A friend of mine from a multi-generational fishing family experienced the same thing growing up. When commercial fishing in the Great Lakes was severely limited in 1985 her father, a commercial fisherman, lost his livelihood and had to move the family to another coastal region.
Fishing is important business for coastal communities.
In 2010, fish production accounted for $218 billion in economic activity globally, a lot of which supports fishing communities in the developing world that rely on this resource as food and a living. It is absolutely essential — ecologically, economically and socially –to take a long-term, strategic view of this resource. I’d always wondered why if the state of the oceans is so dire, why not simply make a massive effort to stop eating fish? Dahle says: “This punishes the communities who depend on fishing. And we need to learn to have a more positive relationship with this resource.”
Of course, overfishing is only a part of the problem facing ocean ecosystems. Our oceans face pollution, agricultural runoff, invasive species and a changing climate — just to name a few things. Where does overfishing rank in the order of threats? “Don’t ask me to rank them,” says Dr. Richard Methot, NOAA Science Advisor for Stock Assessments. “Fish stock as a factor is the thing that is most visible for us…increasingly we recognize that as we get the fishing up to sustainable levels the other impacts are easier to see. Addressing the particular impact of pollution or climate change will happen locally. We address all the factors within the ecosystem context.”
Dahle agrees, declining to rank overfishing against other threats to ocean life: “Overfishing is absolutely fixable, and the most direct threat to individual species. We have to stop taking too much out of the ocean because overfished systems are less resilient to the other threats.”
The United States and other developed nations have the resources to support excellent fishery management practices, identifying troubled fisheries and setting catch limits that help fish populations rebound to sustainable levels. Unfortunately, we in the U.S. import 86 percent of the fish we eat. So domestic management is only a small part of the scope. But of the thousands of fisheries around the world, only hundreds are closely monitored. So how do we promote sustainable fisheries around the world?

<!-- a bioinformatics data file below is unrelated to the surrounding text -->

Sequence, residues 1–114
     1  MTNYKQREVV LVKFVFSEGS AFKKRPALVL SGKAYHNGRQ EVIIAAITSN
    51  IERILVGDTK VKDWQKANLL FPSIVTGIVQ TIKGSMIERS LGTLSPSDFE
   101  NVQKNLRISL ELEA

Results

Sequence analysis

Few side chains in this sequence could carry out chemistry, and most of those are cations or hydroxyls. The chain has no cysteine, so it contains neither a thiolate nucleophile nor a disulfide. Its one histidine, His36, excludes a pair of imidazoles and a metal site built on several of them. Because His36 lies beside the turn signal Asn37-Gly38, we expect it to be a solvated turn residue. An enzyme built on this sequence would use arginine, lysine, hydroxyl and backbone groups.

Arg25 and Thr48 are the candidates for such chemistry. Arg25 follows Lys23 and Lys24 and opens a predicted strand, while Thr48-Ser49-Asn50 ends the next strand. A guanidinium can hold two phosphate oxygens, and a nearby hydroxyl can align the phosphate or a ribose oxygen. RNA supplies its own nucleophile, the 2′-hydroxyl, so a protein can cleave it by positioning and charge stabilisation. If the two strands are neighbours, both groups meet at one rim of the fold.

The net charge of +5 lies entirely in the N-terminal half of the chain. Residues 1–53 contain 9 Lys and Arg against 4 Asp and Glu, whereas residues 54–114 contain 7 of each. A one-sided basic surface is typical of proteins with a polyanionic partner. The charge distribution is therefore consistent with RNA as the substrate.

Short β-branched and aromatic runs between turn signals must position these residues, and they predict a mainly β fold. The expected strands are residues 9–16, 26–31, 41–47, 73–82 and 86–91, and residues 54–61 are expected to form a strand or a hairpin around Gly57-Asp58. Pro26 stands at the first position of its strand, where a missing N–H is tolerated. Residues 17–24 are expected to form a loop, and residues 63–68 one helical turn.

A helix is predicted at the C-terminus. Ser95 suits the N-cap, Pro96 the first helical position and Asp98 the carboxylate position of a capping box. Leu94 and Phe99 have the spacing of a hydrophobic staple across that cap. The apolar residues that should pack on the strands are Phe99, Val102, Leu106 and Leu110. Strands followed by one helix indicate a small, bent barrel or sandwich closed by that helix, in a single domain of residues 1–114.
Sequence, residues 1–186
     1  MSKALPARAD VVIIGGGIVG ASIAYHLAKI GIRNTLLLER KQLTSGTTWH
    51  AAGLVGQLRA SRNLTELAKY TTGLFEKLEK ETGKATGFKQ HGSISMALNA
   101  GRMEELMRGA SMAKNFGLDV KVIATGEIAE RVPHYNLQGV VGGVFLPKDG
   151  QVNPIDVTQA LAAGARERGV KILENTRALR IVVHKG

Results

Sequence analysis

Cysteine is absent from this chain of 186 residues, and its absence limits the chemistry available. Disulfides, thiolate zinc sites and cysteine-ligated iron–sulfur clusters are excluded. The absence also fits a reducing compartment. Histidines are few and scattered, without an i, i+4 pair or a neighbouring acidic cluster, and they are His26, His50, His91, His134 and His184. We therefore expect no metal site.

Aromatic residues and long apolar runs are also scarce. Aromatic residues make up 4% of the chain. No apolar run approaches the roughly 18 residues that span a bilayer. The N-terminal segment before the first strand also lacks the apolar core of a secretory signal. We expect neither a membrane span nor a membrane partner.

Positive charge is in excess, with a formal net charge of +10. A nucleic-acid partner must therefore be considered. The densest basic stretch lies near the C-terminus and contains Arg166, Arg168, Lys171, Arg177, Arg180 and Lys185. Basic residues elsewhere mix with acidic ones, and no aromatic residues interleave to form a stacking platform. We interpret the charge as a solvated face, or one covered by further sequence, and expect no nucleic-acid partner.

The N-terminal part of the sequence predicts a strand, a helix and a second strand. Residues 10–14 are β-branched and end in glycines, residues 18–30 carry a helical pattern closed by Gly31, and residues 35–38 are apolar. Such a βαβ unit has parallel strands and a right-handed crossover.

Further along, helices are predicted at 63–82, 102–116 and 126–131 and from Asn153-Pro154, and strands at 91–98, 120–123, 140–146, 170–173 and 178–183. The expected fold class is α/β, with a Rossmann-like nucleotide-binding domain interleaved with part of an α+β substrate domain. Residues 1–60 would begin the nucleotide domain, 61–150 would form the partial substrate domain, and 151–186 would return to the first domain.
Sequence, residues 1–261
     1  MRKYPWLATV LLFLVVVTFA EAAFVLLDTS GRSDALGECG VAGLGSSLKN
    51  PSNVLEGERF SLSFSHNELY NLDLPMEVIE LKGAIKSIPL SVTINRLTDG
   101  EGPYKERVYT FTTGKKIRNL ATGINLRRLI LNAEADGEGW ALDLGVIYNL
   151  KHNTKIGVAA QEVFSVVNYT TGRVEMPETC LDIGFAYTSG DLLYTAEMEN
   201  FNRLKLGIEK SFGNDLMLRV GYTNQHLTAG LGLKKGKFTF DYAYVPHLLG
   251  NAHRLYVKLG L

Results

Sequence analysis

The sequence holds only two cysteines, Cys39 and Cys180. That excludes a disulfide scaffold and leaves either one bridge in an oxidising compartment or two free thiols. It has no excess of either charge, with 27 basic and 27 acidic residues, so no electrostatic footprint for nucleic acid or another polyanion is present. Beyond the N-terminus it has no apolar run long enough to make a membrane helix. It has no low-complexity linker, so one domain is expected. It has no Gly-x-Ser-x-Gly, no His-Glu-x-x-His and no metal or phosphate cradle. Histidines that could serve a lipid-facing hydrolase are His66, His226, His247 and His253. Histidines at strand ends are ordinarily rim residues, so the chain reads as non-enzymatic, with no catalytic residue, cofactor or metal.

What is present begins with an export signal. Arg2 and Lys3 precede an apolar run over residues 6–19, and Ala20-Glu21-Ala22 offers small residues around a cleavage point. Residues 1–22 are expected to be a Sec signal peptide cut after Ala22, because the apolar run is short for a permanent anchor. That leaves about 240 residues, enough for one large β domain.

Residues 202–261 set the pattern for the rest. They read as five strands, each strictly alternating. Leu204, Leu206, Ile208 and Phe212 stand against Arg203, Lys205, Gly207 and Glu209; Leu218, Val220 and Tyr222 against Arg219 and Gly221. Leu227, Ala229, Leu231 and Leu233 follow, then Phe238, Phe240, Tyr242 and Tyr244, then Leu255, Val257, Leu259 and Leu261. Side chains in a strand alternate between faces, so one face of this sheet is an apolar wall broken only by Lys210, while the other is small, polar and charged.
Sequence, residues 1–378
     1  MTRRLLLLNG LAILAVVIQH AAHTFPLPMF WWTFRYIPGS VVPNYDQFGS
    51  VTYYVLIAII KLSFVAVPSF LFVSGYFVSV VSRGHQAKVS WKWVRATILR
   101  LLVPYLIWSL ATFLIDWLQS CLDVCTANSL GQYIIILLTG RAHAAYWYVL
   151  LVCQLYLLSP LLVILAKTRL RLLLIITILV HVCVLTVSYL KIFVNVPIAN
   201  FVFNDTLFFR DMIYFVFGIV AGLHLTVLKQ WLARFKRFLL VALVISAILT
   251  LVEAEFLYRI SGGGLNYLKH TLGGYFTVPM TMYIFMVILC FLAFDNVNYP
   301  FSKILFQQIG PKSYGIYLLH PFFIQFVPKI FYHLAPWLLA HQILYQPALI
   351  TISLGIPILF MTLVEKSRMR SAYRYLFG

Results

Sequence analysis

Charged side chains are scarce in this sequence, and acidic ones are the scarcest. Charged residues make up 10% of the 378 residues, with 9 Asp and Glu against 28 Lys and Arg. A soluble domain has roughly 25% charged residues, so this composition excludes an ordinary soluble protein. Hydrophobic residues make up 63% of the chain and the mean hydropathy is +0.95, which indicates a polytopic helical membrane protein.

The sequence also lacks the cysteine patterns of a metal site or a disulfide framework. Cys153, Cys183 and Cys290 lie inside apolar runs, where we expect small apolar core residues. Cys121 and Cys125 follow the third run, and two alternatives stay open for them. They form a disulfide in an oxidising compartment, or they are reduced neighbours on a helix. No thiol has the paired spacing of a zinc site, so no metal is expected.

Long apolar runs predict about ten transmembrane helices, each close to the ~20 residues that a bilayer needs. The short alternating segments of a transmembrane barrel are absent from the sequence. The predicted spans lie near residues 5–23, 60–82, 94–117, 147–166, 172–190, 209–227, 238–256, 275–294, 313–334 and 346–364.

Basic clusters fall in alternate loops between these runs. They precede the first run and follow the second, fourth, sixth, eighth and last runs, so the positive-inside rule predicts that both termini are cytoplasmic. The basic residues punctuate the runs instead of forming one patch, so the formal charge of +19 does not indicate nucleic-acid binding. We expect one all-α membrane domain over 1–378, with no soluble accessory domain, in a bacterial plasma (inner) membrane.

U.S. fish consumers must work to create demand for restaurants and distributors to know where our fish comes from. As I stated earlier, many companies, particularly of the fast food variety, identify their seafood simply as “fish” — it’s almost comical in its animal-class generality like offering “bird” nuggets or maybe a juicy “mammal burger.” This vagueness also makes it impossible for consumers to have an educated understanding of what they’re eating. Dahle says: “Consumers should ask about the fish they’re buying. The server may not know. But what it does is it creates a demand for having that information.”
It’s also important for consumers to actually know to the best of their own ability where their food comes from. For this there are many tools. NOAA offers FishWatch.org to help consumers make wiser, more educated choices about the seafood they’re purchasing: where it comes from, how it’s harvested and pointers on how to avoid “seafood fraud” (intentionally mislabeled fish). All aspects of the supply chain should be transparent and traceable. Too often the fish we eat is commoditized to the point where sustainable fish is mixed in with unsustainable fish.
Governmental agencies monitor fish stocks and ecosystems and establish catch limits, while nongovernment organizations work with fishing communities worldwide to establish catch limits and no-fish zones where fish can spawn and repopulate the region for sustainability.
Other organizations like Future of Fish seek to empower entrepreneurs to develop innovative practices for a sustainable global supply chain for seafood.
The U.N. Food and Agricultural organization is also calling on entrepreneurs and all elements of the fishing supply chain to reduce fish waste. According to a recent report published in the journal Trends in Food Science and Technology, Norwegian fishermen dumped about 220,000 tons of wild fish scraps into the sea after processing their catch. These sorts of scraps include such parts as fish heads which are consumed in many parts of the world, and contain a lot of meat.
The global overfishing crisis is an instance where we know the threat and the risks, but we also have a firm understanding of the solution: known management practices and reaching out to third world communities, making the most of the product, traceability and creating demand for knowing where our fish come from. It benefits everybody to avert this disaster.
When asked about the future of the world’s oceans, Dahle says: “I’m optimistic. I’m optimistic because we know what to do.”
Image Credit: Heather Paffe
Infographic courtesy of Future of Fish